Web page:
In this video, we will show you a massive neodymium permanent magnet assembly weighing
more than half a ton.
This magnet made of rare earth elements represent the strongest class of permanent magnets.
In this video, we first will see what happens when you approach it with ferromagnetic materials
(like steel) and then afterwards we will explore how conductive metals behave in a strong magnetic
Here is a wrench and a scale for measuring the pull of magnet which reaches 25 kg while
the wrench itself is only 1 kg.
On larger ferromagnetic objects attraction can easily reach hundreds of kilograms.
Next up is a hammer!
Note that I added 5 cm (2 inches) layer wood so not to damage the surface and to be able
to "easily" remove it.
Even with this added distance pull force is around 40 kg.
Afterwards, a flexible iron sheet is placed to the magnet which illustrates the distance
where objects are visibly attracted.
The permanent magnet of such size is stronger than earths magnetic field in a radius of
4 meters around it and can turn screens of a laptops from 1.5 meters away
Ferromagnetic objects from iron are drawn to magnet form half a meter away as illustrated
with iron sheets.
We continue experiments with placing a ferrofluid on the magnet.
This reveals the spikes on the surface.
These spikes are acting (pointing) like magnetic field lines so in a sense you can visualize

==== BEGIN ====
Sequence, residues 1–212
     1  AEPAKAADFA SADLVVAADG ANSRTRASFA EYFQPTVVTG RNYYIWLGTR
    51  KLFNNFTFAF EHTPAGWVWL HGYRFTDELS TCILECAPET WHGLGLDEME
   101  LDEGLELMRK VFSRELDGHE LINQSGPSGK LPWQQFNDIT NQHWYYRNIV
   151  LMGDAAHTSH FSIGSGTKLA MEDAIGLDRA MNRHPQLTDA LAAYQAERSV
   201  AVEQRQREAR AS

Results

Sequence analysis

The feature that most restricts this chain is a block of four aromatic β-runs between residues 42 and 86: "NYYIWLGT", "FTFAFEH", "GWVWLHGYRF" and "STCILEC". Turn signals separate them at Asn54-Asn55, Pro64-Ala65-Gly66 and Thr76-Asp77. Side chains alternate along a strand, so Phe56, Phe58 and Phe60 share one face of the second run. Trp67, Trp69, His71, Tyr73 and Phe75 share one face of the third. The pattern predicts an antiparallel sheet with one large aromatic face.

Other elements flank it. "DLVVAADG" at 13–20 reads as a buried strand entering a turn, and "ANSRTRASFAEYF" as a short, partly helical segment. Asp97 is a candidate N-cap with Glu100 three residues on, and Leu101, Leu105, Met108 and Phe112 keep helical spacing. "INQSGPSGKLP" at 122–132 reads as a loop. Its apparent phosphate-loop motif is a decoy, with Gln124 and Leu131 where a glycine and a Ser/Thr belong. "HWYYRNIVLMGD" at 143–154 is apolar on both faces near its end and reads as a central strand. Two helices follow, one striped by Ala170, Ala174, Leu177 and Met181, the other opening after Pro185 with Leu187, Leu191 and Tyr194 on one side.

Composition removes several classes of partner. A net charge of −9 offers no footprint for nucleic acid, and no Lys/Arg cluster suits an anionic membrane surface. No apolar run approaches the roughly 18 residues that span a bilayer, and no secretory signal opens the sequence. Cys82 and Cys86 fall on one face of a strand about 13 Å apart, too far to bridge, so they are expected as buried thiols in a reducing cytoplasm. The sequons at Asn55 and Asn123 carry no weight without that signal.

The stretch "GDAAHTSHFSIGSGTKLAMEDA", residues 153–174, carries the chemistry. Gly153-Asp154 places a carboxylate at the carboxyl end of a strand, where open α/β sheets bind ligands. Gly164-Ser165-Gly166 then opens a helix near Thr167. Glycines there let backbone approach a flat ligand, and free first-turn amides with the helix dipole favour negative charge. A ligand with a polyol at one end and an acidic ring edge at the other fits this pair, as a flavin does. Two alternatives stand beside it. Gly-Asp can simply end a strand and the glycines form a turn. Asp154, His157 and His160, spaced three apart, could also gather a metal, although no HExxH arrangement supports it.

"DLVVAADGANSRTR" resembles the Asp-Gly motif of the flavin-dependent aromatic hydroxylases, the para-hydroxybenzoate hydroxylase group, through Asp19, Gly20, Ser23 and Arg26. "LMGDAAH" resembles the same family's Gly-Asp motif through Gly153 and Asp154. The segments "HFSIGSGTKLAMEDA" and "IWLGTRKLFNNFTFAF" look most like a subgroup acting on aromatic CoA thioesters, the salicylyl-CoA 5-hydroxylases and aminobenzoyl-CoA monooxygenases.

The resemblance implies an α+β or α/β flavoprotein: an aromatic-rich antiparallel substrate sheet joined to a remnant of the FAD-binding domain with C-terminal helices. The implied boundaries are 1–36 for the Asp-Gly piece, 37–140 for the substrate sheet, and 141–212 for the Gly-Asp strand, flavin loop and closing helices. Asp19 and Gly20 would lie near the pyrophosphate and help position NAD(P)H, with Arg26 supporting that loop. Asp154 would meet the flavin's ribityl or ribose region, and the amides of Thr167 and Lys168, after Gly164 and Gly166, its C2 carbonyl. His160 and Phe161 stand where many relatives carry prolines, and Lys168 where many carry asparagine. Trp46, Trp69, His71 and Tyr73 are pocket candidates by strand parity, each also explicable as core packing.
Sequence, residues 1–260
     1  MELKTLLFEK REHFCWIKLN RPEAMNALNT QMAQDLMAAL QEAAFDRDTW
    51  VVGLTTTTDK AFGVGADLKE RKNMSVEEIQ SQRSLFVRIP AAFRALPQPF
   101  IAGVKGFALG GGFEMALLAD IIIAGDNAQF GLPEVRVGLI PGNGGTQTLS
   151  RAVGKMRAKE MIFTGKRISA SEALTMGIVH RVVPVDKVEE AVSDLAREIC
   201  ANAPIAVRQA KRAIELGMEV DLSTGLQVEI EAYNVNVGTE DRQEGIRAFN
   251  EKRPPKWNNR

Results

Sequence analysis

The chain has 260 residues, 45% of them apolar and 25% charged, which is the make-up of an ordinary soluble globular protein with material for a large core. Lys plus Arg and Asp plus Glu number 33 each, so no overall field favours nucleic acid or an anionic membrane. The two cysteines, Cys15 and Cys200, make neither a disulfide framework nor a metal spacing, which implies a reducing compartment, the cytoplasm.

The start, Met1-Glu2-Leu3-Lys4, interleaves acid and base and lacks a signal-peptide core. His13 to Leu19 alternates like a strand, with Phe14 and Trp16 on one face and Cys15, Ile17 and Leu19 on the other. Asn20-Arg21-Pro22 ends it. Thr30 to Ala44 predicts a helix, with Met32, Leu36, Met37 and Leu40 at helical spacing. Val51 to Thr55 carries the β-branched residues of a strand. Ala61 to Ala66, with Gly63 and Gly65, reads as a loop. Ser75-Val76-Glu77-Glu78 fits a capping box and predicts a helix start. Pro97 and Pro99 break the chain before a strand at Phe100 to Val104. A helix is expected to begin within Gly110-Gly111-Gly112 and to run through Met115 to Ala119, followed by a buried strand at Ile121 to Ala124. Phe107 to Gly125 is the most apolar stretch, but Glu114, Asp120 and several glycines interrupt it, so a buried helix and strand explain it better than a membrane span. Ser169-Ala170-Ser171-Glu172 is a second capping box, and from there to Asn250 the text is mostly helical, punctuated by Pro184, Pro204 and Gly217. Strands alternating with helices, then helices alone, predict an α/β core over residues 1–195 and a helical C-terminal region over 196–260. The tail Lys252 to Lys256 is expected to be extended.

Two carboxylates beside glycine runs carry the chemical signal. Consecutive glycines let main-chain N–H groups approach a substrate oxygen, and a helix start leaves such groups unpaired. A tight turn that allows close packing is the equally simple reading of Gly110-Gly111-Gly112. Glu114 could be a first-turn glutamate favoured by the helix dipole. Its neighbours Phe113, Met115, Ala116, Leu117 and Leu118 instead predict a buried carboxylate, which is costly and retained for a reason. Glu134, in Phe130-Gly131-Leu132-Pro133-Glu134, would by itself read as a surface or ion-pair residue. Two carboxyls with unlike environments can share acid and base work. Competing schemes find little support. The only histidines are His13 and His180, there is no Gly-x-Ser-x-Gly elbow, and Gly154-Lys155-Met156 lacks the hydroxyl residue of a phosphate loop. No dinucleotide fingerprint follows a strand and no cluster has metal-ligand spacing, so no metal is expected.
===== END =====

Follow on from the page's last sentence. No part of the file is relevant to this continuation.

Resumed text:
the magnetic the direction and strength of magnetic field.
Sometimes the camera loses focus because of the strong magnetic field interferes with
electronics and sensors.
The ferrofluid contains very tiny magnetite particles, which acts as tiny magnets and
when the external field is applied they aligned in “spiky” structures pointing in the
direction of the magnetic field vector.
When in close proximity to poles the magnetic forces dominate over gravity making so the
fluid can defy gravity.
If I were to let, go the container it would fly towards the pole of the magnet to the
spot with the highest magnetic field intensity.
Next up we take 4 kg copper sheet and when we throw it towards the magnet it rapidly
When the plate is getting closer to the magnet it moves noticeably slower.
All that happens because of the induced current in the copper sheet.
Copper is an excellent electrical conductor and when it is moved in a magnetic field,
the changing flux creates eddy currents according to the Maxwell’s-Farady’s law of induction.
In short, these currents create an opposing magnetic field and overall damps movement
of copper and that is why it is extremely difficult to move the copper sheet next to
And this simple demonstration perfectly showcases the effect opposing forces caused by induction.
Normally plate of such size would fall down in a second, however, since it is placed in
a strong magnetic field (which changes in plate during fall) it takes almost 20 seconds
for it to hit the ground.
In the end for a bigger effect, we took a 20 kg copper sheet and rolled it in a cylinder
and which we dropped on the magnet.
The first attempt was with a couple of centimeter gap.
The copper sheet is slowed down up until it reaches the center of the magnet.
At that point, the magnetic flux becomes negative and current changes direction.
In the second attempt, we shrunk the gap to 5 mm.
In both cases, it is overwhelmingly slowed down by induced currents.
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